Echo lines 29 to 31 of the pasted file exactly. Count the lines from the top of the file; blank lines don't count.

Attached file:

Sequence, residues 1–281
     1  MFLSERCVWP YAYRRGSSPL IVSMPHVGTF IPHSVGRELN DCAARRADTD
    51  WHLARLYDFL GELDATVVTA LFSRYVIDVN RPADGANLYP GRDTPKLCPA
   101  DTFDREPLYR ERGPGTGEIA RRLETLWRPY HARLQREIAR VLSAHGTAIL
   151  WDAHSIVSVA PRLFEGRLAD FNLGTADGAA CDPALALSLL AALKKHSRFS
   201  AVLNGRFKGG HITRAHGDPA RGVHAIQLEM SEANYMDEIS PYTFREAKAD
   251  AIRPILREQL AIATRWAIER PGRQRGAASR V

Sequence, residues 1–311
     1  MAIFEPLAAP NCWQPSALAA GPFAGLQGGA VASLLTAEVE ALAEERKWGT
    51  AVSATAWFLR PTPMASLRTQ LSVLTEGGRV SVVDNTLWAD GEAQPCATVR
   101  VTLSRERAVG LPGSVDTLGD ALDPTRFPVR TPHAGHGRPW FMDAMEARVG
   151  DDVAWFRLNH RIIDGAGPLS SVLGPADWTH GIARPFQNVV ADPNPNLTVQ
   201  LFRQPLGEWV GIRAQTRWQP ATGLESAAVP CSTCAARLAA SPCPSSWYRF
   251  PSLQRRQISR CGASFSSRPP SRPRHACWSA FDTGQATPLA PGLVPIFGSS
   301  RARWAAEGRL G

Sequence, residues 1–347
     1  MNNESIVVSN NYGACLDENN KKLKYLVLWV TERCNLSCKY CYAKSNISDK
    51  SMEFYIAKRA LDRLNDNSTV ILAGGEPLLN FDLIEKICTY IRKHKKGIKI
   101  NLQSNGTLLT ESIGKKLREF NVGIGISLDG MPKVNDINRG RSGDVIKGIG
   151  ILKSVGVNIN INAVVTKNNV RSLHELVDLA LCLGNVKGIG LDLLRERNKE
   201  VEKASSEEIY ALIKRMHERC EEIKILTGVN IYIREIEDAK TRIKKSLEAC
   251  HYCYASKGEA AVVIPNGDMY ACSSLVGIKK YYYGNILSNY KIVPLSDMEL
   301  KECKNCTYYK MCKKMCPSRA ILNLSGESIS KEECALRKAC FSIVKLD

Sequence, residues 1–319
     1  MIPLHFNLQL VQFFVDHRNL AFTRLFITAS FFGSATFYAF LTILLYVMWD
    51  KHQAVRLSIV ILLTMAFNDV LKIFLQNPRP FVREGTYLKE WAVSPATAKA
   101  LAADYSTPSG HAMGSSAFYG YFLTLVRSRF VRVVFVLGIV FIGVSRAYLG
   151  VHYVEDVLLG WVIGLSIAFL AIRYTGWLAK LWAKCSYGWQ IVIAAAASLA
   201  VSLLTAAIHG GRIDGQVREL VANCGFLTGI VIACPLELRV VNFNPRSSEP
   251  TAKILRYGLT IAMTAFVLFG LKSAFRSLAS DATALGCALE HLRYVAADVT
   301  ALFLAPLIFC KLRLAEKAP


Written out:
   201  VSLLTAAIHG GRIDGQVREL VANCGFLTGI VIACPLELRV VNFNPRSSEP
   251  TAKILRYGLT IAMTAFVLFG LKSAFRSLAS DATALGCALE HLRYVAADVT
   301  ALFLAPLIFC KLRLAEKAP